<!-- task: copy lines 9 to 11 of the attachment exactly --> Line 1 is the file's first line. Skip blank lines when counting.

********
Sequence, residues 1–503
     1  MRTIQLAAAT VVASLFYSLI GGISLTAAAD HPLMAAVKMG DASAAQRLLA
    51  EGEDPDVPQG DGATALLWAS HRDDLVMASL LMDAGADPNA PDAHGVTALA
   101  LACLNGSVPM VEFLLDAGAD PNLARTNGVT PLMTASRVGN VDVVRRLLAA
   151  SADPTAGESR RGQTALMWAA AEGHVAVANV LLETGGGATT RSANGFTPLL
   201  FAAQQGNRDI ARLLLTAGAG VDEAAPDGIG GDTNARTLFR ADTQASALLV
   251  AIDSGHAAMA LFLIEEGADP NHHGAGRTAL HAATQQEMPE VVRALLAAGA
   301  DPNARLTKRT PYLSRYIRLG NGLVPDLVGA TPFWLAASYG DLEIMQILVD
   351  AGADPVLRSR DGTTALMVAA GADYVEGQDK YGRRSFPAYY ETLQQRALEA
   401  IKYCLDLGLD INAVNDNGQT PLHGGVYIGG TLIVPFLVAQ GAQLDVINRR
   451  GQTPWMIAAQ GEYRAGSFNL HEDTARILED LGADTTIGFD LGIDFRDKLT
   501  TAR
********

   351  AGADPVLRSR DGTTALMVAA GADYVEGQDK YGRRSFPAYY ETLQQRALEA
   401  IKYCLDLGLD INAVNDNGQT PLHGGVYIGG TLIVPFLVAQ GAQLDVINRR
   451  GQTPWMIAAQ GEYRAGSFNL HEDTARILED LGADTTIGFD LGIDFRDKLT